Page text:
United States District Court, N.D. Indiana, South Bend Division
BYRON G. JOHNSON, JR., Petitioner,
OPINION AND ORDER
JAMES T. MOODY, District Judge.
Byron G. Johnson, Jr., a pro se prisoner, filed a habeas petition under 28 U.S.C. § 2254 challenging a prison disciplinary proceeding. (DE # 1.) In MCF-14-02-0295, a disciplinary hearing body ("DHB") at Miami Correctional Facility ("Miami"), found Johnson guilty of Class A offense ##111/113, Attempted Trafficking, and imposed a ninety (90) day deprivation of earned time credit, and suspended sanction of a demotion of credit class. In making the determination of guilt, the hearing officer relied on staff reports, Johnson's statement, transcripts and Jpay records. (DE ## 9-2, 9-3.)
Here, Johnson asserts that there was insufficient evidence to support a guilty finding. (DE # 1 at 2.) In reviewing a disciplinary determination for sufficiency of the evidence, "courts are not required to conduct an examination of the entire record, independently assess witness credibility, or weigh the evidence, but only determine whether the prison disciplinary board's decision to revoke good time credits has some factual basis." McPherson v. McBride, 188 F.3d 784, 786 (7th Cir. 1999). "[T]he relevant question is whether there is any evidence in the record that could support the conclusion reached by the disciplinary board." Superintendent v. Hill, 472 U.S. 445, 455-56 (1985). The court will overturn the hearing officer's decision only if "no reasonable adjudicator could have found [the prisoner] guilty of the offense on the basis of the evidence presented." Henderson v. United States Parole Comm'n, 13 F.3d 1073, 1077 (7th Cir. 1994). Additionally, a hearing officer is permitted to rely on circumstantial evidence to establish guilt. See Hamilton v. O'Leary, 976 F.2d 341, 345 (7th Cir. 1992).
Johnson was found guilty of attempted trafficking in violation of disciplinary rules 111/113. Class A offense #111 is defined as "[a]ttempting or conspiring or aiding and abetting with another to commit any Class A offense." (DE # 9-6, Ex. G3.) Class A offense #113, prohibits trafficking with anyone who is not an offender residing in the same facility. ( Id. at G4.) In this case, there is ample evidence to support the DHB's determination. The conduct report written by Internal Affairs Officer C. Klepinger provided:
On the above date and approximate time a legal mail package was located that had been sent into the facility with 25 strips of Suboxone concealed inside. Internal Affairs had been monitoring the incoming legal mail due to reports that contraband was going to be sent to NHU.
During the investigation, evidence was found to support that [Byron Johnson] was responsible for the contraband being sent into the facility by his girlfriend Amber Edmond. Phone calls, J-Pay letters, and information from confidential informants substantiated his involvement in this case.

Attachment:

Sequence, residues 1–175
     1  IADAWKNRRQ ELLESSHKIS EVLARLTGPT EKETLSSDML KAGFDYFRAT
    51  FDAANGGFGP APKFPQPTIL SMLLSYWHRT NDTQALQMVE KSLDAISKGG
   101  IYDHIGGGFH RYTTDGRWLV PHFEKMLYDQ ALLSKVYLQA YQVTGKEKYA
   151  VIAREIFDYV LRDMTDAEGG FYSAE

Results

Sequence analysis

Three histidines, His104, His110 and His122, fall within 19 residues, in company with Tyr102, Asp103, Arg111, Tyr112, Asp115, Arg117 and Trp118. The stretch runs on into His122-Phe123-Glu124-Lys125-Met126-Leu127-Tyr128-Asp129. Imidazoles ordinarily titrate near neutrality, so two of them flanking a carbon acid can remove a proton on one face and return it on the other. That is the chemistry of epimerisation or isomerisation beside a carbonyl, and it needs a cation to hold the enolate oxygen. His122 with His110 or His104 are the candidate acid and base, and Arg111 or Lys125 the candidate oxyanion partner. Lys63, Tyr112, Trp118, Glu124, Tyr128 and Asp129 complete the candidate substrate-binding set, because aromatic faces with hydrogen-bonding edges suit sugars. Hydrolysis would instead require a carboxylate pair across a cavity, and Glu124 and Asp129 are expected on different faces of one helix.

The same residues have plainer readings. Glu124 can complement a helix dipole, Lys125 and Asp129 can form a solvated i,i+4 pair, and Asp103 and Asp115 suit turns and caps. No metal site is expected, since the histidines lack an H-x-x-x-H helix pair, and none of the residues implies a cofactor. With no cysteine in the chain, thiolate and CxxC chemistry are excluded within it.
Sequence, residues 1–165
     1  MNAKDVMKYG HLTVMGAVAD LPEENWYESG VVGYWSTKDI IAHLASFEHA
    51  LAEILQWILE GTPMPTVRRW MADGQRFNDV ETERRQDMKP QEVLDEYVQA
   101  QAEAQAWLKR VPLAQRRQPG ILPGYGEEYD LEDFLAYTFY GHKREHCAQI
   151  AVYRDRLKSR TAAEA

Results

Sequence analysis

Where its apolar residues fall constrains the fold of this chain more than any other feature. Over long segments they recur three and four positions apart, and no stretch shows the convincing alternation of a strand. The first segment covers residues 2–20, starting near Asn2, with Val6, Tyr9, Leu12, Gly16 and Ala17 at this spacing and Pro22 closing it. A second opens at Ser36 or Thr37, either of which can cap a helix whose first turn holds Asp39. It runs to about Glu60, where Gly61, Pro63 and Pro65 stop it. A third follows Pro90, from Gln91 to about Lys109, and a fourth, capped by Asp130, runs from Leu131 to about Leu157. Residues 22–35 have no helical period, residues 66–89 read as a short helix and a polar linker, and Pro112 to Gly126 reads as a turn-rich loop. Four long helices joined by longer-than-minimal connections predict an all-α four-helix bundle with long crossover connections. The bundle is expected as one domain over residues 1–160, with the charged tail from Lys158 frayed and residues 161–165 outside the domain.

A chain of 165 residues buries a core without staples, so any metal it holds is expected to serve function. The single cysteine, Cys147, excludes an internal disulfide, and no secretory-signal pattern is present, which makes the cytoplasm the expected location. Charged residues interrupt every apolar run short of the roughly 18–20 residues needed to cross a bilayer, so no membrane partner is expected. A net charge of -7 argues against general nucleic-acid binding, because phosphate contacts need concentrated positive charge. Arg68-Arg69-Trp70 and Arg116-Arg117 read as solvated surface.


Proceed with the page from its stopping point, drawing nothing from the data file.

Evidence was also found to indicate that contraband had been sent into the facility on previous occasions for the above offender, also via Amber Edmond.
See IA Case# 13-MCF-0137 for further (CONFIDENTIAL)
(DE # 1-1.)
Included in the internal affairs file were transcripts of recorded telephone conversations between Johnson and his girlfriend, Amber Edmond. (DE # 11-1.) On November 17, 2013, Johnson gave Edmond the name of offender Shawn Goodman along with Goodman's IDOC number. (DE # 11-1, Ex. B14.) Johnson and Edmond discussed one of Edmond's friends writing to Goodman. Johnson and Edmond had another conversation on November 23, 2013, where Johnson refers to Edmond's friend writing to Johnson's "guy." (DE # 11-1, Ex. B15-B16.) During that conversation, Edmond and Johnson also refer to Edmond going to the "pharmacy." In later conversations, Edmond and Johnson discuss Edmond getting a "refill" or getting "it filled" and how much supply Edmond has. (DE # 11-1, Ex. B17-B21.) During a December 7, 2013, call, Johnson asked Edmond if he "need[s] to be looking for anything." The next day Edmond wrote Johnson through the Jpay system that she only had enough for "25 flyers" and that she "flew out tonight." (DE # 11-1, Ex. B22-B23.) On December 10, 2013, "legal mail" was received, and addressed to offender Shawn Goodman, which contained 25 Suboxone strips. (DE # 9, Ex. A; DE # 11-1, Ex. B1-B4.)
Johnson suggests that the evidence was insufficient because there was no direct evidence that he had instructed his girlfriend to send Suboxone to anyone at the prison. ( See DE # 13 at 6-9.) At the hearing, Johnson commented:
The only thing I'm guilty of is giving another offender's name over the phone. There are no implications of attempt to traffic. Nothing about the legal mail was fake. It was real legal mail. My name is not on any of that. I don't traffic.
(DE # 1-1.)
The hearing officer was not required to credit Johnson's explanation. To be constitutionally adequate, the evidence need not point to only one logical conclusion; the question is solely whether there is some evidence to support the hearing officer's determination. See Hill, 472 U.S. at 457. The discussions between Johnson and Edmond, followed up by Suboxone being mailed to offender Goodman, constitute some evidence that Johnson participated in Amber Edmond sending contraband to the prison. As such, the court cannot conclude that the hearing officer's determination was arbitrary or without evidentiary support. See id. (due process is satisfied as long as "the record is not so devoid of evidence that the findings of the disciplinary board were without support or otherwise arbitrary"); see also Moffat v. ...